##### Visualizing R-Squared in Statistics

##### Description

In general, R^{2} is often referred to as the coefficient of determination and its verbal interpretation is that it is the fraction of variation explained by the model. This is illustrated in the case of simple linear regression. A random sample of size n is generated from a bivariate normal distribution with correlation parameter p, means 0, and variances 1. Graph 1 shows the data and the fitted regression line. Graph 2 shows the data and the fitted points. In graph 3, a rug is added on each of the y-axes. The axes on the left with the blue rug show the y values; the axes on the right with the red rug show the fitted y values. The plot label shows R^{2} = r^{2} = S_{reg}/S_{y}, where r is the correlation coefficient, S_{y} is the sum of the squared deviations of the y from their mean, and S_{reg} is the sum of the squared deviations of the \( \hat{ y } \) from their mean. In graph 3, the rugs provide a visualization of the spread of the \( y \) and \( \hat{ y } \). In statistics courses, it is often mentioned that R^{2} = r^{2} and that r^{2} is the fraction of variation explained by the model. Notice how the plot changes dramatically as the parameter p is changed.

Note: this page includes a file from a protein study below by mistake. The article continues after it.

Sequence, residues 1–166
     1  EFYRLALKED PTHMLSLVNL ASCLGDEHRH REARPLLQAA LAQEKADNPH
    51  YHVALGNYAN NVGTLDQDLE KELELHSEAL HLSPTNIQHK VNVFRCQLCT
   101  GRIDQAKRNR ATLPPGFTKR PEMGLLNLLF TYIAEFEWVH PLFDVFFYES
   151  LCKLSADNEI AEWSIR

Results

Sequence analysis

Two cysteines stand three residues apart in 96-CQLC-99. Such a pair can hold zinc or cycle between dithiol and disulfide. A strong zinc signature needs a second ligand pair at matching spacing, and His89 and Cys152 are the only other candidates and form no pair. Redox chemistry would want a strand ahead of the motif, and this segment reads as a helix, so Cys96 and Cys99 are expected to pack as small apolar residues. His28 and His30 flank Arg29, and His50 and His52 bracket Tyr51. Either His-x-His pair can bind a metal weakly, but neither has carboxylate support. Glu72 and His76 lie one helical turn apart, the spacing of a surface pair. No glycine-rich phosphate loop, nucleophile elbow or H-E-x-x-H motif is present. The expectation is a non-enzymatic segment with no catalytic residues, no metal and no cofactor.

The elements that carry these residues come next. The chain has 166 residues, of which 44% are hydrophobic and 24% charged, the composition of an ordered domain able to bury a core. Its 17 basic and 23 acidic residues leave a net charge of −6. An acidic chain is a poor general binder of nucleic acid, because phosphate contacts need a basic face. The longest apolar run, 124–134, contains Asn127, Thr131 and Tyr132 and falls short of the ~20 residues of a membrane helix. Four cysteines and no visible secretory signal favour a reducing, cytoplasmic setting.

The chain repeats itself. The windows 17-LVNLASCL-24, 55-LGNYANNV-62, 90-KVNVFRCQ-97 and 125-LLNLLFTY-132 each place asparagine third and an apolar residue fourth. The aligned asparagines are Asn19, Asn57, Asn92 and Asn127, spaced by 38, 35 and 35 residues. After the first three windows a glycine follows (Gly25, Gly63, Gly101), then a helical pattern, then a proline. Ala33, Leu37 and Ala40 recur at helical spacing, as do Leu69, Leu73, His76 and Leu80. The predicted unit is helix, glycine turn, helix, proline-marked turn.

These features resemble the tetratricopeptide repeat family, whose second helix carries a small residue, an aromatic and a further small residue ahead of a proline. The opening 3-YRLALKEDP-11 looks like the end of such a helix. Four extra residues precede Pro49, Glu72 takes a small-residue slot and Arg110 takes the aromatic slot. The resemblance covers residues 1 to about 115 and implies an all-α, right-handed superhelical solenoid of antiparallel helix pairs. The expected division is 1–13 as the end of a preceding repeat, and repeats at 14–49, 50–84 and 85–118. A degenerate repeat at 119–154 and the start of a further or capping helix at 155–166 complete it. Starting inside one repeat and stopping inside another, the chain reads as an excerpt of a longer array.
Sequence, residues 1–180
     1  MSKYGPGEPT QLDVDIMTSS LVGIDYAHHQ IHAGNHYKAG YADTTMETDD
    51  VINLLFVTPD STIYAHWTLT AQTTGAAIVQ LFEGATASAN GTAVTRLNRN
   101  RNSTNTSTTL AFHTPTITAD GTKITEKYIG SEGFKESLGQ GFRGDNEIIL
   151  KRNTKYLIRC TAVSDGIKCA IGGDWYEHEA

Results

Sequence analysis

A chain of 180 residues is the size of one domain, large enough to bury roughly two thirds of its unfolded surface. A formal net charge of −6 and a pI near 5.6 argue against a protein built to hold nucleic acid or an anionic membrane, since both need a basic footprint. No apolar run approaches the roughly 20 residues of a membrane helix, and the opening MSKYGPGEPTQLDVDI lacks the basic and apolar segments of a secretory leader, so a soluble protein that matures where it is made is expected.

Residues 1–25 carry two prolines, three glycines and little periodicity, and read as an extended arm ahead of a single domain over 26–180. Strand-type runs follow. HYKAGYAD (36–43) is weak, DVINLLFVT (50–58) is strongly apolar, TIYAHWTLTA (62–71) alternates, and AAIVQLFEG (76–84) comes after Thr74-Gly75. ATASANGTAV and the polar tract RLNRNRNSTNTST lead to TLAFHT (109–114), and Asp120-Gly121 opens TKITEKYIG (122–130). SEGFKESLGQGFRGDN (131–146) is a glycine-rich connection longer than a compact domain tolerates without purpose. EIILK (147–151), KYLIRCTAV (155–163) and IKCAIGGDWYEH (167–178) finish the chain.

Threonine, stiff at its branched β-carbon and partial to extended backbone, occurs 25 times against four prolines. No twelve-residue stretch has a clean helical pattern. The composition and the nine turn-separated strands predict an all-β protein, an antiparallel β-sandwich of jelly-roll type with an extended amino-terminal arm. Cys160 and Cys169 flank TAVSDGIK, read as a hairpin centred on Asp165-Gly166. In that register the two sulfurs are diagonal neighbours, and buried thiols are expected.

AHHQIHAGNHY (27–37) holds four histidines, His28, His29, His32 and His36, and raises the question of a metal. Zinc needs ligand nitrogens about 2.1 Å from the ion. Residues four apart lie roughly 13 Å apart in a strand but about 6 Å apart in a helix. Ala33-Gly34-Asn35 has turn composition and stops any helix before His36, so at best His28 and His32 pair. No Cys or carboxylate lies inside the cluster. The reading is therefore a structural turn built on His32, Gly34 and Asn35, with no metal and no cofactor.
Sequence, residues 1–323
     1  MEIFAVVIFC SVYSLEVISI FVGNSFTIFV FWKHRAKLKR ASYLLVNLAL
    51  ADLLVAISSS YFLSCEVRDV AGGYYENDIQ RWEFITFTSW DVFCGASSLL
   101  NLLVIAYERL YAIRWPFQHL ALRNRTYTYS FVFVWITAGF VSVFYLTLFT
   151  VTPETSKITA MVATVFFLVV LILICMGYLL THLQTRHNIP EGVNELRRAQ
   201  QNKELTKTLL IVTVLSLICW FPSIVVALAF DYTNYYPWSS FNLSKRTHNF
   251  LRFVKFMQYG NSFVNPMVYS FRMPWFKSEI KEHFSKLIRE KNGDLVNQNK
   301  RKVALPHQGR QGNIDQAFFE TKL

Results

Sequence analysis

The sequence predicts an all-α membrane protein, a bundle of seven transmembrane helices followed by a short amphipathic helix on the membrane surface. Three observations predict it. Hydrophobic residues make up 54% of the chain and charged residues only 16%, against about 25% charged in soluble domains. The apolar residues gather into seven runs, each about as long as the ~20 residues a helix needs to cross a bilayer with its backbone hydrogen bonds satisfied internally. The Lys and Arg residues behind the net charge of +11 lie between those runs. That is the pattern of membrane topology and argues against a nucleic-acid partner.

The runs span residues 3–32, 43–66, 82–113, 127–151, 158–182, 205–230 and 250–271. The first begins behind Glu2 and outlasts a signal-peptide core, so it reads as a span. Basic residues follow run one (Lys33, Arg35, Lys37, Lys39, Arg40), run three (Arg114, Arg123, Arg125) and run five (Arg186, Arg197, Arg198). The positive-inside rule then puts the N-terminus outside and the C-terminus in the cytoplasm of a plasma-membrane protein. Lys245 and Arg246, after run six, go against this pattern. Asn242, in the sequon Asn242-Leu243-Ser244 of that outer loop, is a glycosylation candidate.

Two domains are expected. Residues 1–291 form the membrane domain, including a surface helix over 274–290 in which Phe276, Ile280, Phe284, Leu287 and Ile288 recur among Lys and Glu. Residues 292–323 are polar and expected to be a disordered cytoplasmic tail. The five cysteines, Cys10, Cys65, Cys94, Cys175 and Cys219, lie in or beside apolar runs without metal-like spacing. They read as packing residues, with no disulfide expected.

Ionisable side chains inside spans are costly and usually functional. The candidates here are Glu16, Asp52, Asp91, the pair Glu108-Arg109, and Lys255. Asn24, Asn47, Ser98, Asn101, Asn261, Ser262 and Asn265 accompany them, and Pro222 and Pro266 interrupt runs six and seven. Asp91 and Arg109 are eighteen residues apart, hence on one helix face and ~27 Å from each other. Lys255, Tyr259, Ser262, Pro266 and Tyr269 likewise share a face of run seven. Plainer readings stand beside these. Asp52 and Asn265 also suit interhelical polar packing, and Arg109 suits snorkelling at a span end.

##### About

Author: Ian McLeod. Open content licensed under CC BY-NC-SA.

View the source code for this simulation